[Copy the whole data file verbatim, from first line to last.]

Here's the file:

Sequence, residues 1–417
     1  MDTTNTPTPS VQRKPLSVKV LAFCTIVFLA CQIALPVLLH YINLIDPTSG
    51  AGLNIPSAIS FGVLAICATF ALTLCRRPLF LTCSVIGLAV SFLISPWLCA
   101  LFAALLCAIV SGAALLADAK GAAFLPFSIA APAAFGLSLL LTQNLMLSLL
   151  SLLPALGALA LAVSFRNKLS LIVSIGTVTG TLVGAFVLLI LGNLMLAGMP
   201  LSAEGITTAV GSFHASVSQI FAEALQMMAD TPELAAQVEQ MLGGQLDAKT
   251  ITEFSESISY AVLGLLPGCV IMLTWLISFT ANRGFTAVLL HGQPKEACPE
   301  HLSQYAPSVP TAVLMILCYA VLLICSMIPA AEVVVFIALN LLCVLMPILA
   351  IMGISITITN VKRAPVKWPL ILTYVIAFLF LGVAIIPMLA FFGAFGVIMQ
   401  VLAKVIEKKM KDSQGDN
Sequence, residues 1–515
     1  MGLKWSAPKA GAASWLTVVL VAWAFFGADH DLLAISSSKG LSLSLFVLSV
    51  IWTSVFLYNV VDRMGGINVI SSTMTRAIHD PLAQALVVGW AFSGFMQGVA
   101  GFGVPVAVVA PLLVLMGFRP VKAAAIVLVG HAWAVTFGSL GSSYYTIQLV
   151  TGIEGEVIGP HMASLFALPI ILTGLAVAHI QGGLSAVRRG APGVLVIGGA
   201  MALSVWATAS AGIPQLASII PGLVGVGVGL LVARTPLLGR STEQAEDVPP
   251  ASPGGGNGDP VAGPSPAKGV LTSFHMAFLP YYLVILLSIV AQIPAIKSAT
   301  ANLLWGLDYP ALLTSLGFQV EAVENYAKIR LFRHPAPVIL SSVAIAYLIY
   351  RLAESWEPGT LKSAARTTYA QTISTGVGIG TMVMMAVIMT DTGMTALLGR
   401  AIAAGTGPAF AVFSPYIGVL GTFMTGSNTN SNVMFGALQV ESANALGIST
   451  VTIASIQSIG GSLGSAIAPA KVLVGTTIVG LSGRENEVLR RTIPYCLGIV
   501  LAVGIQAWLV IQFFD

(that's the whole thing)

Sequence, residues 1–417
     1  MDTTNTPTPS VQRKPLSVKV LAFCTIVFLA CQIALPVLLH YINLIDPTSG
    51  AGLNIPSAIS FGVLAICATF ALTLCRRPLF LTCSVIGLAV SFLISPWLCA
   101  LFAALLCAIV SGAALLADAK GAAFLPFSIA APAAFGLSLL LTQNLMLSLL
   151  SLLPALGALA LAVSFRNKLS LIVSIGTVTG TLVGAFVLLI LGNLMLAGMP
   201  LSAEGITTAV GSFHASVSQI FAEALQMMAD TPELAAQVEQ MLGGQLDAKT
   251  ITEFSESISY AVLGLLPGCV IMLTWLISFT ANRGFTAVLL HGQPKEACPE
   301  HLSQYAPSVP TAVLMILCYA VLLICSMIPA AEVVVFIALN LLCVLMPILA
   351  IMGISITITN VKRAPVKWPL ILTYVIAFLF LGVAIIPMLA FFGAFGVIMQ
   401  VLAKVIEKKM KDSQGDN
Sequence, residues 1–515
     1  MGLKWSAPKA GAASWLTVVL VAWAFFGADH DLLAISSSKG LSLSLFVLSV
    51  IWTSVFLYNV VDRMGGINVI SSTMTRAIHD PLAQALVVGW AFSGFMQGVA
   101  GFGVPVAVVA PLLVLMGFRP VKAAAIVLVG HAWAVTFGSL GSSYYTIQLV
   151  TGIEGEVIGP HMASLFALPI ILTGLAVAHI QGGLSAVRRG APGVLVIGGA
   201  MALSVWATAS AGIPQLASII PGLVGVGVGL LVARTPLLGR STEQAEDVPP
   251  ASPGGGNGDP VAGPSPAKGV LTSFHMAFLP YYLVILLSIV AQIPAIKSAT
   301  ANLLWGLDYP ALLTSLGFQV EAVENYAKIR LFRHPAPVIL SSVAIAYLIY
   351  RLAESWEPGT LKSAARTTYA QTISTGVGIG TMVMMAVIMT DTGMTALLGR
   401  AIAAGTGPAF AVFSPYIGVL GTFMTGSNTN SNVMFGALQV ESANALGIST
   451  VTIASIQSIG GSLGSAIAPA KVLVGTTIVG LSGRENEVLR RTIPYCLGIV
   501  LAVGIQAWLV IQFFD